America’s prisons now have far more inmates than they were designed to hold. A recent federal study revealed that this overcrowding results in discipline problems, increased violence, illness and suicides. According to the FBI, three-quarters of those released from prison are re-arrested within four years. It is thus evident that the prison experience is more often than not destructive rather than rehabilitating.
Criminal offenders should be punished as a matter of simple justice. However, the punishment should advance the public interest and, whenever possible, provide restitution to the innocent victim. Dangerous criminals must be imprisoned to protect society. However, half of those in prison have been convicted of non-violent offenses. As an alternative or supplement to incarceration, Biblically-based sanctions, such as restitution, would benefit the victim of the crime and society in general, as well as help to rehabilitate the offender. Incidentally, the cost of this approach would be only a fraction of incarceration.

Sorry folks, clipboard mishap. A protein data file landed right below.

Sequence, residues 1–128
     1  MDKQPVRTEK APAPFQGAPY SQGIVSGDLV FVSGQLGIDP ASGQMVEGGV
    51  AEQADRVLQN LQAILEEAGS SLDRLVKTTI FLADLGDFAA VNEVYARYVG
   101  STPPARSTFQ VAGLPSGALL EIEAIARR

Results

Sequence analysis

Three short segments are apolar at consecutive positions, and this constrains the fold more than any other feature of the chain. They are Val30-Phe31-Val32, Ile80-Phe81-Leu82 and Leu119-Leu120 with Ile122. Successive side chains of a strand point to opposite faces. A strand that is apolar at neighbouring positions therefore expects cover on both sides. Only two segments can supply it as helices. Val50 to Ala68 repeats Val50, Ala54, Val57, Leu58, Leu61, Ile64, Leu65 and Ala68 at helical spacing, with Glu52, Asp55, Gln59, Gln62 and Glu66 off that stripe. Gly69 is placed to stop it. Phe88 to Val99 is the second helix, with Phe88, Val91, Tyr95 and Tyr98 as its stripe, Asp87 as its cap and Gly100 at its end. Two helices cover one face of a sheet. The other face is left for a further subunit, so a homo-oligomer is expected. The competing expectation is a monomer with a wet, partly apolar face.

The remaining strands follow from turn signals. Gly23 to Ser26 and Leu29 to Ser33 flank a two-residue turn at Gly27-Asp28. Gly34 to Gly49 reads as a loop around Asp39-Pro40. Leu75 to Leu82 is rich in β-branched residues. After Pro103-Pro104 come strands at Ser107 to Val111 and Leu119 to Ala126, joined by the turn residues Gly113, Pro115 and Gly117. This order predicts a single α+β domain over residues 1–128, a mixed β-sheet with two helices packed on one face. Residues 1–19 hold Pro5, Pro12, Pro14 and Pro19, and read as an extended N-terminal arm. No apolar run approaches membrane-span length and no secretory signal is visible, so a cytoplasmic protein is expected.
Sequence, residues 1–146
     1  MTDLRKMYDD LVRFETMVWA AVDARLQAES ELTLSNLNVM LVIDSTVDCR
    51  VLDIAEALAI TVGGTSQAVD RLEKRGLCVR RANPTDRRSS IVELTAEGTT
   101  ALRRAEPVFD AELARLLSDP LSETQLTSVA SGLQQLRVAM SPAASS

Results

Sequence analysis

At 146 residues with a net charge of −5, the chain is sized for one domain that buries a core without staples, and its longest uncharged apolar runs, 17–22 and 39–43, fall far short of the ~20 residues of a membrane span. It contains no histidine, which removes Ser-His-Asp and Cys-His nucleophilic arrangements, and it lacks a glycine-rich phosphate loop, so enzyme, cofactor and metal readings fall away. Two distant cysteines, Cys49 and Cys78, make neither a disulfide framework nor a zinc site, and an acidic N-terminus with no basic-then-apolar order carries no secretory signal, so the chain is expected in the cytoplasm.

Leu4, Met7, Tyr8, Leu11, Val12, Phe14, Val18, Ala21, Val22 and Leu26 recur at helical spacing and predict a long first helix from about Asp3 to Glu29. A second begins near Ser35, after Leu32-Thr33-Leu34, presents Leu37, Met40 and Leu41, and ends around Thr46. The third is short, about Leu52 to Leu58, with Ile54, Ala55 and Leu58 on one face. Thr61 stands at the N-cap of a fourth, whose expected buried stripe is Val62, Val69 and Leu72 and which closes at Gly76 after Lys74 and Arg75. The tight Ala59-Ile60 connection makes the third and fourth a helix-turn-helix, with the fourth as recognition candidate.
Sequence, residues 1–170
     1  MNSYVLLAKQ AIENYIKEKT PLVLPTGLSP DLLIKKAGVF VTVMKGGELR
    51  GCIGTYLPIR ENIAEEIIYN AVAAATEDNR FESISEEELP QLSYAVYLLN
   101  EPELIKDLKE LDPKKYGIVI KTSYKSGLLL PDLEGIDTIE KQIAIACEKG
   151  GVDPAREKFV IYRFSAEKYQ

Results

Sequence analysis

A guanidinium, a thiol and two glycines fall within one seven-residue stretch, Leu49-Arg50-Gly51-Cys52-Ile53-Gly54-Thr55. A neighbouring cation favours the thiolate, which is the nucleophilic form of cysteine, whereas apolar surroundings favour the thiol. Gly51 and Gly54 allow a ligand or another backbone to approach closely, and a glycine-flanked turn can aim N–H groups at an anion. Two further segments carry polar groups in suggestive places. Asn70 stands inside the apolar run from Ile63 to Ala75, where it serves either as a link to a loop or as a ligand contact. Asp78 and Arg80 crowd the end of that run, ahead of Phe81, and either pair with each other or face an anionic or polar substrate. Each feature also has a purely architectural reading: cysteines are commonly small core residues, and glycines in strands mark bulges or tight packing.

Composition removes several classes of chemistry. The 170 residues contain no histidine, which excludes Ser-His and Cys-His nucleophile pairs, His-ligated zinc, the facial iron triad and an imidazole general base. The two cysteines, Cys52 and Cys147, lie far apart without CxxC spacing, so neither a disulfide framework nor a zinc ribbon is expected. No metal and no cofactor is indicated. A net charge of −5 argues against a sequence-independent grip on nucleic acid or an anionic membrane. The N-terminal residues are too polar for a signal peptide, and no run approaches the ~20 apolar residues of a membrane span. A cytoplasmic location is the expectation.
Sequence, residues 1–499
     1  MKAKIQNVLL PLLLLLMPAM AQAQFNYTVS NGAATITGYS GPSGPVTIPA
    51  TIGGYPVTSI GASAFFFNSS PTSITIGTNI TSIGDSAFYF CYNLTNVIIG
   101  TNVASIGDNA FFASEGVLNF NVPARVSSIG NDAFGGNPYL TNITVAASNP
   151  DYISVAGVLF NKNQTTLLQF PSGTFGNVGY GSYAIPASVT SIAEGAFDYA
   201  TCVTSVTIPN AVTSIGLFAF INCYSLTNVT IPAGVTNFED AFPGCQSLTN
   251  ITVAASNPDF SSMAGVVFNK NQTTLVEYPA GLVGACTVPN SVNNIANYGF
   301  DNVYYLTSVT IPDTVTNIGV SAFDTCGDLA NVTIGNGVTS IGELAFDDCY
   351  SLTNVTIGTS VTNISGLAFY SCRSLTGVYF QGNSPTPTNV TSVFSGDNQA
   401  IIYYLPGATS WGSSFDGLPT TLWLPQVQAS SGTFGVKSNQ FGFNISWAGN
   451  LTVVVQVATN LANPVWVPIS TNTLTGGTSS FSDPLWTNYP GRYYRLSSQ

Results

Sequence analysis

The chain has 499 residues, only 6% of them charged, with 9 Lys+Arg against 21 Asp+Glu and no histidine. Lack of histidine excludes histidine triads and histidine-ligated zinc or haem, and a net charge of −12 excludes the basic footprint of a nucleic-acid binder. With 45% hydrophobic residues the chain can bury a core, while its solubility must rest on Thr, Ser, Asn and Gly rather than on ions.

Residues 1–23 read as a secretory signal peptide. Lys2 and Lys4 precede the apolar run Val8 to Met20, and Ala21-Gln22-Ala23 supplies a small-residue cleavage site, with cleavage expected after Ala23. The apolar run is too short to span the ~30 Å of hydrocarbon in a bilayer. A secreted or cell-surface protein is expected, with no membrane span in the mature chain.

The NAE, therefore, urges the enactment of state and federal legislation such as the “Sentencing Improvement Act” to be introduced in the 98th Congress by Senators Nunn and Armstrong. Such legislation would insure sufficient prison space for dangerous offenders and the restoration of victims by providing that non-dangerous offenders be punished through strictly enforced orders of restitution to the victims of crimes and through community service.
We also urge pastors to encourage their churches to become actively involved in prison ministries through well-qualified evangelical agencies which specialize in this type of ministry.
Correction officials are urged to provide maximum opportunities for volunteers from such organizations since complete rehabilitation comes as the Gospel of Jesus Christ transforms the heart of the individual.